Souder finds it curious that in letters Audubon addressed Lucy as “my friend,” and sees as merely quaint his use of “thee” and “thou.” Hart-Davis clears away the mystery by pointing out that Audubon learned his English among Pennsylvania Quakers. Despite this lapse, Souder’s account of Audubon’s marriage is by far the superior of the two, providing a tender and perceptive record of their love in all its vicissitudes. While they were together John Audubon’s failure as a provider seems hardly to have mattered, for even after he had been gone for years at a stretch, jailed for debt, and living off his wife’s income, the couple could still be blissfully happy in each other’s company. Souder tells how, when they settled at Beech Woods, Louisiana, following many privations, “the Audubons would ride together to a small lake where, while Lucy swam naked, Audubon lolled on the beach admiring her.” When they were separated, however, a great fear and doubting caught at John Audubon’s heart, a condition that reached its climax while he was in England trying to get The Birds of America published and fully subscribed.

With his fortunes changing by the day, there were times when Audubon seemed to be on the brink of madness. He agonized about asking Lucy to join him, but he never did say how lost he was without her, nor could he bring himself to command her to leave her job as a schoolteacher. Tragically, she seems to have read his diffidence as indifference toward her, and with letters taking months to get from hand to hand a gulf opened between the pair that was seemingly as wide and salt-filled as the Atlantic Ocean. But when, after an absence of three years, Audubon arrived with the dawn at Lucy’s house in Louisiana, unannounced and with tears streaming down his cheeks, the gulf closed in an instant.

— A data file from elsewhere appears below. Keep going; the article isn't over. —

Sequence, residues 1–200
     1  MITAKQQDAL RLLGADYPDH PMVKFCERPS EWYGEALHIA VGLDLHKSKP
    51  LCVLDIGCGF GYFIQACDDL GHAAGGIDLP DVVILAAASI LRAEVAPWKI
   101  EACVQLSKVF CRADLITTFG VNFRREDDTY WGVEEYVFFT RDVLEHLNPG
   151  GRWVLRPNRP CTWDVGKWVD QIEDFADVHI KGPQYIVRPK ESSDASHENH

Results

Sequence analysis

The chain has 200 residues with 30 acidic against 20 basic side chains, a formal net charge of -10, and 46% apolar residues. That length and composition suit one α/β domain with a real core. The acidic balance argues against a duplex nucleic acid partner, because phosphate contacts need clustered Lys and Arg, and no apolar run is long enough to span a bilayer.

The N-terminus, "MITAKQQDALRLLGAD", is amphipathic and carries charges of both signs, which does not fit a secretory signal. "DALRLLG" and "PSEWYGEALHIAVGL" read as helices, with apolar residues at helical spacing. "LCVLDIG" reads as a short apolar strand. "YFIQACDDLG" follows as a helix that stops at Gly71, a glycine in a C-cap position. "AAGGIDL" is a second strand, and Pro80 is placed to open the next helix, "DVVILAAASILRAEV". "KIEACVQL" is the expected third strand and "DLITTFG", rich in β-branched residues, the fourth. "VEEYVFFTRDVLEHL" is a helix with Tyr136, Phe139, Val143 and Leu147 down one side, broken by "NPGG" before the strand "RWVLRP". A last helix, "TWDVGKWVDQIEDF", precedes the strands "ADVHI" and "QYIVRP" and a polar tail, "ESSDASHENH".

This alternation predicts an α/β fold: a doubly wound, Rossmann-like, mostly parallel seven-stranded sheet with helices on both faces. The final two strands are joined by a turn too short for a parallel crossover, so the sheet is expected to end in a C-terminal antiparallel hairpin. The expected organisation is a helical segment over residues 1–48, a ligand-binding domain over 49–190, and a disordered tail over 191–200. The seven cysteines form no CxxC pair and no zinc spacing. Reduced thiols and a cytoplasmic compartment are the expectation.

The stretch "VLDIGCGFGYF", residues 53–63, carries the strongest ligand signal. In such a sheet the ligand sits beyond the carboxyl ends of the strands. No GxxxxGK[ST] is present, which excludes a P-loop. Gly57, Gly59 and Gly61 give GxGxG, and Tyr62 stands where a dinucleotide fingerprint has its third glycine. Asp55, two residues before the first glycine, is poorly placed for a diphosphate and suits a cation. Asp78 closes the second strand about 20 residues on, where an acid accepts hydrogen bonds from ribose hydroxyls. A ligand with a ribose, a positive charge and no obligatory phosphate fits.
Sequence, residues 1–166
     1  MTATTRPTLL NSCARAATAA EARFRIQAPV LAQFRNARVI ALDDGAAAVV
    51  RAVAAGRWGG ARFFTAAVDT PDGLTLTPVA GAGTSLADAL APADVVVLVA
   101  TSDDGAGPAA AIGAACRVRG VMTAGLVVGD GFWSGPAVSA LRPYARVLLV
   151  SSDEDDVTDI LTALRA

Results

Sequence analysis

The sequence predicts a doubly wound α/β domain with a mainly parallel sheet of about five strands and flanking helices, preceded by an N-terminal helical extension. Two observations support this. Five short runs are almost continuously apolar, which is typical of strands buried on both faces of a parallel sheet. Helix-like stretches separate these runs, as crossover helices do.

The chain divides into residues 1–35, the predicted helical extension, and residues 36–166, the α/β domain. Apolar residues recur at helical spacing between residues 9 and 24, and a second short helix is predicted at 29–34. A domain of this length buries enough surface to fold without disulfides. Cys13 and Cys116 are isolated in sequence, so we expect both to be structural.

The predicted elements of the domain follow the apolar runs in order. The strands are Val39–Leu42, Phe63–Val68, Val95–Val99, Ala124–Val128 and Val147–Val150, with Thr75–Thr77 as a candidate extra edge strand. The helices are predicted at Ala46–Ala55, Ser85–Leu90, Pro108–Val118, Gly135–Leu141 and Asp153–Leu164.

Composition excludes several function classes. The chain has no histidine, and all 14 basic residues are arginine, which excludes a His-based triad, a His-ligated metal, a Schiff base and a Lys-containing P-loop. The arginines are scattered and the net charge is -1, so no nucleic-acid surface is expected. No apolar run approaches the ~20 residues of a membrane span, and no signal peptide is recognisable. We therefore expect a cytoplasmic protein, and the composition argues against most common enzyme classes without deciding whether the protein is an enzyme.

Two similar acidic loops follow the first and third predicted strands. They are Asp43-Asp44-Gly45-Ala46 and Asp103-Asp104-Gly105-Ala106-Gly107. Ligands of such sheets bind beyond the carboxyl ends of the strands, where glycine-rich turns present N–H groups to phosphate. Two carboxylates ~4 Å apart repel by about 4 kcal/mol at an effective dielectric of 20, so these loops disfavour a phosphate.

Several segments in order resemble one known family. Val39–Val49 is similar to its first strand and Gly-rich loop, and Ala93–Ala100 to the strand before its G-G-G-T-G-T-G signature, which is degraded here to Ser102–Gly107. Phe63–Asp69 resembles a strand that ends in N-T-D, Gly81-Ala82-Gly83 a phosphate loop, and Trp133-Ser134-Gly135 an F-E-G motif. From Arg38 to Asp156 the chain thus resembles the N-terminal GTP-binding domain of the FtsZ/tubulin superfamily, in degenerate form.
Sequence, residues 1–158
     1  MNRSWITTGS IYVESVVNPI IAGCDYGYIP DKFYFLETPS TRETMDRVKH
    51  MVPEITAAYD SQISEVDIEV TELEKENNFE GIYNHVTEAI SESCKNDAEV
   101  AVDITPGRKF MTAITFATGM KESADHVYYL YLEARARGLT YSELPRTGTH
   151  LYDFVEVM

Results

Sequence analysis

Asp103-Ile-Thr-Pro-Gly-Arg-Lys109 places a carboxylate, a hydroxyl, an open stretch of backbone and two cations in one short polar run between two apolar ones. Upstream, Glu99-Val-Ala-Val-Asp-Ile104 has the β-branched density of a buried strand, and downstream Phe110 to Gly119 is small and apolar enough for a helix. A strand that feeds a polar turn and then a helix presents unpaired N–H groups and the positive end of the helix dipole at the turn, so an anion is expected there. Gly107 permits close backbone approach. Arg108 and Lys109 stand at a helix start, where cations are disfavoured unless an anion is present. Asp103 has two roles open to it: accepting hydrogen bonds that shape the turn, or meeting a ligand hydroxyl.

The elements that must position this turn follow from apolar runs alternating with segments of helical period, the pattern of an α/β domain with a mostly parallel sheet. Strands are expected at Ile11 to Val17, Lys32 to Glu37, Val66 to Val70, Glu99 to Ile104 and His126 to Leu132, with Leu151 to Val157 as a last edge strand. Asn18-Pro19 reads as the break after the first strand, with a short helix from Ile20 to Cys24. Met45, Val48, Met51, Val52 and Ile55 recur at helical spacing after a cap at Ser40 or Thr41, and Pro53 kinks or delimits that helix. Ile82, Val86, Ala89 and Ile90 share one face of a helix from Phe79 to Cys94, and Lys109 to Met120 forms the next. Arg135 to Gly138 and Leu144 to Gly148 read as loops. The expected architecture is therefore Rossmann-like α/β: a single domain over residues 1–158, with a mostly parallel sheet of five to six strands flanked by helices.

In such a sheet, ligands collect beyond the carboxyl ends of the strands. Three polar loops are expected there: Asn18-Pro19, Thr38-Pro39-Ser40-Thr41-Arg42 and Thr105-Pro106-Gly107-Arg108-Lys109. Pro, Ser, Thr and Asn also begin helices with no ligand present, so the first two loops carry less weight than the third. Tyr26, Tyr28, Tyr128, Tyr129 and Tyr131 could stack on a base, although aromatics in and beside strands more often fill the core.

Audubon’s character has proved an endless source of fascination, for he lived by a morality seemingly foreign to most of us. He was, to begin with, an outrageous liar. Souder catches him out with some whoppers such as that his father was an admiral, that he studied under the great French artist David, and that he had hunted with Daniel Boone. Indeed Audubon was characterized by a contemporary as rivaling Baron Munchausen in his lying, his published writings, about his experiences in the wilderness, being lambasted as “a tissue of the grossest falsehoods ever attempted to be palmed upon the credulity of mankind.” In truth Audubon seems to have freely lied about everything except his birds and his beloved Lucy—as if they were the only real things in the world to him. His enemies hated him for it. The English naturalist Charles Waterton, incensed at some of Audubon’s misrepresentations, went so far as to write to his rival George Ord in an attempt to dig up muck on Audubon’s personal life. To his credit Ord wrote back, “He is a well-meaning sort of man, though a great liar.”